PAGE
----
Dismiss Notice
Join Physics Forums Today!
The friendliest, high quality science and math community on the planet! Everyone who loves science is here!

Classification of the representations of the Lorentz algebra

  1. Oct 6, 2009 #1
    The complexified Lie algebra of the Lorentz group can be written as a direct sum of two commuting complexified Lie algebras of SU(2).

    It is being said, that this enables us to classify the irreducible representations of the Lorentz algebra with two half-integers (m,n). But can someone explain me why this is so? I mean, I know that the irreps. of su(2) are characterized by a half-integer (spin), and since the Lorentz algebra is a direct sum of two su(2)'s, it seems somehow probable that to characterize the irreps. of the Lorentz algebra, we need two such half-integers, but I don't really see how the detailed argument would go like.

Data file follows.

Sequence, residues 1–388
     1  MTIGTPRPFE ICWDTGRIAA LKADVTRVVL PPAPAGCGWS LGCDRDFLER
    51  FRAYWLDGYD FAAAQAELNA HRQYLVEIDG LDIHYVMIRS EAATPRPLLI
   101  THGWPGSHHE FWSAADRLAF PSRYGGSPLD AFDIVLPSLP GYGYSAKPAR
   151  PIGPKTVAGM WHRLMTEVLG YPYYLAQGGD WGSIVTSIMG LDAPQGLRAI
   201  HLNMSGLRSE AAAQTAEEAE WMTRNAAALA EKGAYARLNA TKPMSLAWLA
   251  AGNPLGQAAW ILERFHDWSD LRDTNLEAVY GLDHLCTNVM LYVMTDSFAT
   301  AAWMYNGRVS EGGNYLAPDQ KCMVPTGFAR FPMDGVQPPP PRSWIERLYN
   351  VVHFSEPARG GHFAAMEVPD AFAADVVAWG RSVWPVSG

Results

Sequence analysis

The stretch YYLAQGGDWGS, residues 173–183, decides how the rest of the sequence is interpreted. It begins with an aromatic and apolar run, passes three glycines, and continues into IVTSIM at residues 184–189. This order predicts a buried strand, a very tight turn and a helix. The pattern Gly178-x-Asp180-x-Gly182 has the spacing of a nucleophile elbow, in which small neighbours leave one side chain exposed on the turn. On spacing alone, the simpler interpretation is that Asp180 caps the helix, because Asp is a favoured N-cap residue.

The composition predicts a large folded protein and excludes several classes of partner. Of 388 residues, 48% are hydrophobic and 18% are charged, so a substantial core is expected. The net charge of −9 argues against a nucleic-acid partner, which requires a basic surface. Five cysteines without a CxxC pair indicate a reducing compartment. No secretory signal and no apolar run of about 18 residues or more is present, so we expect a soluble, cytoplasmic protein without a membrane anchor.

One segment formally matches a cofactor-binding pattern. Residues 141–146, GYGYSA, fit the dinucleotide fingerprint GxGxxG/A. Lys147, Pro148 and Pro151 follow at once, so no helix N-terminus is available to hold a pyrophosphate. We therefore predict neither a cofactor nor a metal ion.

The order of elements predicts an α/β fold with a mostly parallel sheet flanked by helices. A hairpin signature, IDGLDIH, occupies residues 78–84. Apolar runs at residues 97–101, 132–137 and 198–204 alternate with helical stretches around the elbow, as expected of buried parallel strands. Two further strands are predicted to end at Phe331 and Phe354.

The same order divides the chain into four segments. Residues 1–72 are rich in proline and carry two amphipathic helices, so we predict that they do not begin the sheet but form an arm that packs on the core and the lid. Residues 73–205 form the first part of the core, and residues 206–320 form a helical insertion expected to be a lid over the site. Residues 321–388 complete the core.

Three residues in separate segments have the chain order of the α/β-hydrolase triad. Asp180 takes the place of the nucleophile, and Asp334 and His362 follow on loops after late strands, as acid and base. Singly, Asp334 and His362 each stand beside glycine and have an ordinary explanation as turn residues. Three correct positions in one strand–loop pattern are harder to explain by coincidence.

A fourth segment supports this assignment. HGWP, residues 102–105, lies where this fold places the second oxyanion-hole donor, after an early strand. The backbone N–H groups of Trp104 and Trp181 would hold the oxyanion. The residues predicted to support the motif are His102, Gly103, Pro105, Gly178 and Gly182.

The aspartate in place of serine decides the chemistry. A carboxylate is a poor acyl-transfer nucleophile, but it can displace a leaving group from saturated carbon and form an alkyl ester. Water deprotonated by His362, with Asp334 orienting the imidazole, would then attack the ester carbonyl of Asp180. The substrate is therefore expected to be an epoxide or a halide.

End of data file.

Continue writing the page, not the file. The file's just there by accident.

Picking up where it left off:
2. jcsd
  3. Oct 14, 2009 #2
    The finite-dimensional, irreducible representation of sl(2,C) \oplus sl(2,C) are precisely of the form V \otimes W, where V and W are finite-dimensional, irreducible representations of sl(2,C). The sl(2,C)-irreps V may be classified by a single natural number n, and the irreps V \otimes W of sl(2,C) \oplus sl(2,C) may then be classified by a pair of natural numbers (n,m).
     
Know someone interested in this topic? Share this thread via Reddit, Google+, Twitter, or Facebook




Similar Discussions: Classification of the representations of the Lorentz algebra
Loading...